An ethical approach to educational decision making

An ethical approach to educational decision making

Every year, thousands of teaching graduates enter classrooms to change young people’s lives for the better - but this is easier said than done.

For example, when one schooling sector is given funding, it can be at the expense of another, creating an imbalance in resources and, in some cases, student learning outcomes.

As such, education policymakers are faced with difficult choices and a daunting challenge of ensuring that decisions affecting schools are both fair and sound.

Harry Brighouse, a philosopher at the University of Wisconsin-Madison; Helen Ladd, a social scientist at Duke University; Susanna Loeb, an economist at Stanford University; and Adam Swift, a political theorist at University College London, recently came together to probe these hard choices.

An article appearing in Harvard University’s Usable Knowledge showed how the four experts combined their strengths to create a practical framework for education decision makers.

In ‘Educational Goods: Values, Evidence and Decision-Making’, they lay out the values they find most relevant for education decision-makers. Below, they offer four specific steps that educators can follow to align choices with values and data.

  1. Identify the main values at play for you. Take stock of where you feel that things should be better — “a sense of where action is particularly needed,” write the authors.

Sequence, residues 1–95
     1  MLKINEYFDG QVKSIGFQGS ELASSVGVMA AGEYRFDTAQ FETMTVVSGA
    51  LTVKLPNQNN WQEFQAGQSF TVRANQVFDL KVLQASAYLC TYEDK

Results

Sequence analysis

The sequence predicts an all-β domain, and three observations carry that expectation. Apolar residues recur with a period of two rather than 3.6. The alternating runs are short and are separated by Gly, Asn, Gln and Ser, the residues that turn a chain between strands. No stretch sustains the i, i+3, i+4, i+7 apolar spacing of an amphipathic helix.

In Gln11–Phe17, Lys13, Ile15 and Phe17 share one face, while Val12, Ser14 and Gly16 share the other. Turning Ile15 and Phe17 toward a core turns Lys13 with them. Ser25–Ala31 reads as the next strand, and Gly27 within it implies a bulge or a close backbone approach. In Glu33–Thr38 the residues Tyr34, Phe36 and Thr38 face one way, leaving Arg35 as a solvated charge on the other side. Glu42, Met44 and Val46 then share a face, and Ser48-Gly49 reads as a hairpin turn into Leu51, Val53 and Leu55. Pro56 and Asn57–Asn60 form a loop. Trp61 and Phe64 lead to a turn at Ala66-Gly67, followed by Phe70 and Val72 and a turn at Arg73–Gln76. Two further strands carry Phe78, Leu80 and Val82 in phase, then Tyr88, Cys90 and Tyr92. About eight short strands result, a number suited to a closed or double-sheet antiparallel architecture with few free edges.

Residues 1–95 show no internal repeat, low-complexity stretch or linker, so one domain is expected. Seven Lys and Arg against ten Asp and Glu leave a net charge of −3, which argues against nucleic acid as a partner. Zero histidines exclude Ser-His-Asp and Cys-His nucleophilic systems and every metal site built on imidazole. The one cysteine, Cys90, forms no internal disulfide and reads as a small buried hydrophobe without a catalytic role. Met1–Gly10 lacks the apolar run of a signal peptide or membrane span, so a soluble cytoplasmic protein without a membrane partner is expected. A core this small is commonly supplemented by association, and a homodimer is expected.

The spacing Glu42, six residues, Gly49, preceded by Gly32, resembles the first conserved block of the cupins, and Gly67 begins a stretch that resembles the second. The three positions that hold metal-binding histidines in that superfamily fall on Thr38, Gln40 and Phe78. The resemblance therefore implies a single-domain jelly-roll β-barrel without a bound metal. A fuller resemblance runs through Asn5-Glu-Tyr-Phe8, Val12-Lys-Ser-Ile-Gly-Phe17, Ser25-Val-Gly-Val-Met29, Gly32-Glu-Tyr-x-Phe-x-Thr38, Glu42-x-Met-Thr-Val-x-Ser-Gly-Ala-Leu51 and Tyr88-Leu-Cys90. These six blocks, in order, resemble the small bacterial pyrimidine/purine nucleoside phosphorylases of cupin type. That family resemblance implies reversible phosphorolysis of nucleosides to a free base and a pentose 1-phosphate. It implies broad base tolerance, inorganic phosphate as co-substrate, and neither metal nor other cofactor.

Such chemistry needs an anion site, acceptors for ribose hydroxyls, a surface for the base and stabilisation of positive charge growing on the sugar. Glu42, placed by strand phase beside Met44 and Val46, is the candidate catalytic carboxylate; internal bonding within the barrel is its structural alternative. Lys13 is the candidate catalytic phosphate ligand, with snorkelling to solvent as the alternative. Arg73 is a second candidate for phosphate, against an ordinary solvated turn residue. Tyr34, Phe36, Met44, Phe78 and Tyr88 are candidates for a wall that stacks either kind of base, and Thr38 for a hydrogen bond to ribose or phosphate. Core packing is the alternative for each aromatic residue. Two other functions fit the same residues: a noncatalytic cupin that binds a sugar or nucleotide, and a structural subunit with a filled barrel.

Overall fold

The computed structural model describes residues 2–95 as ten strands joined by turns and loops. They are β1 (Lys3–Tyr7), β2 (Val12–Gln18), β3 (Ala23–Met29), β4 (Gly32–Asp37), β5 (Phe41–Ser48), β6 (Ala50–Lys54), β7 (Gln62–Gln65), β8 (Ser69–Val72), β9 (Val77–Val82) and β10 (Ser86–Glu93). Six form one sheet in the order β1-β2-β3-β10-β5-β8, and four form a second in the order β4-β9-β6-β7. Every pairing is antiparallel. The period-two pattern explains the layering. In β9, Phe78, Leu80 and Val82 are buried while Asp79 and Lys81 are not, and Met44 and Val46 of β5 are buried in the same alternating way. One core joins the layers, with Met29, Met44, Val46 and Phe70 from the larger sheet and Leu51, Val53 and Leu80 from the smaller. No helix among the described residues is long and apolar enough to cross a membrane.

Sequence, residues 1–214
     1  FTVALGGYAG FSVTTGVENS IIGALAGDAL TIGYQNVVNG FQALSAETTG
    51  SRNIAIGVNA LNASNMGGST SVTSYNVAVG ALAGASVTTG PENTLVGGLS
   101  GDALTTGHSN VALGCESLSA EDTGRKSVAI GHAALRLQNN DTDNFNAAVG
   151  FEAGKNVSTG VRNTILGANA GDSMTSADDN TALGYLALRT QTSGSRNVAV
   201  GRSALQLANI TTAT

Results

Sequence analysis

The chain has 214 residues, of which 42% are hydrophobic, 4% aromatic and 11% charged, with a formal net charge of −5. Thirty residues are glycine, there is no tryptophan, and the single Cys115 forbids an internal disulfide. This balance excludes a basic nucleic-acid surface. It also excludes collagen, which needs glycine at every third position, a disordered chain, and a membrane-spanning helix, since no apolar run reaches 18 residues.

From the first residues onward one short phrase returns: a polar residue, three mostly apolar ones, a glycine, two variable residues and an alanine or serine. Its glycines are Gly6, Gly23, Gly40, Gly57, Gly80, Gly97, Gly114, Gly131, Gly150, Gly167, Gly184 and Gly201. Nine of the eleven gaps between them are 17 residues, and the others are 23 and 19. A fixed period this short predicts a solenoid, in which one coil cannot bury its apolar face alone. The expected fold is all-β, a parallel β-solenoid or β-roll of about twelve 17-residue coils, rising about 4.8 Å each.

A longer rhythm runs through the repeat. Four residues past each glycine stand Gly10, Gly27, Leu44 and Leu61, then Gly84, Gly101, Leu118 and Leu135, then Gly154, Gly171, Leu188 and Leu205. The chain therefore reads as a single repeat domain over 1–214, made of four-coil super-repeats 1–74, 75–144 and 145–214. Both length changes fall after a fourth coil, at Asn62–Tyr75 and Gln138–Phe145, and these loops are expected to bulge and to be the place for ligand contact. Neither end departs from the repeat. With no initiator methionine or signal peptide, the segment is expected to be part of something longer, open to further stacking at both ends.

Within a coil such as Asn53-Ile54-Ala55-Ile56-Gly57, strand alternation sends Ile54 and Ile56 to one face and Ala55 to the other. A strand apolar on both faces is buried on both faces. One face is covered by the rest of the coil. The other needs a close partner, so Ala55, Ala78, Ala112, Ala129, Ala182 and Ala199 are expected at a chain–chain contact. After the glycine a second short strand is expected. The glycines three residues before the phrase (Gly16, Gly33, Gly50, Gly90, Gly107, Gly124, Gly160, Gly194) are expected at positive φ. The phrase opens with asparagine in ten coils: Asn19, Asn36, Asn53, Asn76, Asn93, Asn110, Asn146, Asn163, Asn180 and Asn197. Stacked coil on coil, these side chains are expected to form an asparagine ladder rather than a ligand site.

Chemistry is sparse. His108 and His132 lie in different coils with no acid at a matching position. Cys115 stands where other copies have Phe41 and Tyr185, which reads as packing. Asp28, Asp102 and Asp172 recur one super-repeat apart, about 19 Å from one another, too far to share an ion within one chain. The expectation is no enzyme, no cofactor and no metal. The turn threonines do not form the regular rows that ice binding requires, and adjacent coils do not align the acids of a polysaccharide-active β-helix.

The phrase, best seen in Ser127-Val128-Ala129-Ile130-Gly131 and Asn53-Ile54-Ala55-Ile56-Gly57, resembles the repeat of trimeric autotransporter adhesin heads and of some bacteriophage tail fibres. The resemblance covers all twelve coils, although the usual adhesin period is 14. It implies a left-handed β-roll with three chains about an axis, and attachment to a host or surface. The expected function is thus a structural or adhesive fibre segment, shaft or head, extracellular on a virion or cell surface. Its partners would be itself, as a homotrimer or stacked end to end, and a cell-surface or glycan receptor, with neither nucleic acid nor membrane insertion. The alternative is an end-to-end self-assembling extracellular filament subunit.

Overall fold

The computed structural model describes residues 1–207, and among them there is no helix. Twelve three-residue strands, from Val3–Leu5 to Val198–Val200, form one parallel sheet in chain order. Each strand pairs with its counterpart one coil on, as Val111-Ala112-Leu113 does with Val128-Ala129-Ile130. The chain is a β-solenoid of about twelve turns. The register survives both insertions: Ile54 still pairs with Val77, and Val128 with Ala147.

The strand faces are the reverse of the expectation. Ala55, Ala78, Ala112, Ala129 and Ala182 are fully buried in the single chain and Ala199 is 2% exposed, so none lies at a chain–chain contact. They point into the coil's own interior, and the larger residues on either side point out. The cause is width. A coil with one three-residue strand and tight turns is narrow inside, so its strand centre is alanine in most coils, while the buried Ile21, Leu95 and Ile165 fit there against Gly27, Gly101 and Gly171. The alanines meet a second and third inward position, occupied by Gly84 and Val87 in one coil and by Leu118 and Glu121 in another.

2. Identify the key decisions related to those values. What decisions could you make to achieve the values you articulated in Step 1? Think beyond the typical.
  3. Assess how well actions identified in Step 2 would promote the values you identified in Step 1. Lean on research from the social sciences. A decision might sound good, but is there evidence that suggests it might work? What sort of research has been done on similar proposals in the past?
  4. Identify a policy change likely to bring the greatest return, considering the values identified in Step 1. Inevitably, there will be trade-offs to every possible decision — you’ll achieve some value at the expense of others.

Decision-makers often try to downplay trade-offs, says Harry Brighouse, unwilling to admit that there’s a downside to their plan. But, at the very least, decision-makers need to be honest with themselves about the inevitable downsides.

“You can rarely get whatever you want . . .  but if you really want to improve things, you need to know what your standards are, you need to know what counts as improvement,” Usable Knowledge quoted Brighouse as saying.

For example, you might decide that you’re willing to extend recess to help achieve values related to childhood goods, even if it means less time for test preparation - or vice-versa.

The only way to make the right decision for you and your students is to be honest about the consequences, and which set of consequences you’d prefer based on the values at play.

Not everyone will come to the same decision after going through this process, Brighouse says. People will assign different weights to different values.

Even when given the same social science evidence, people will interpret its relationship to their own situation differently.

“You have to use your judgement about how it’s relevant to your context,” he says.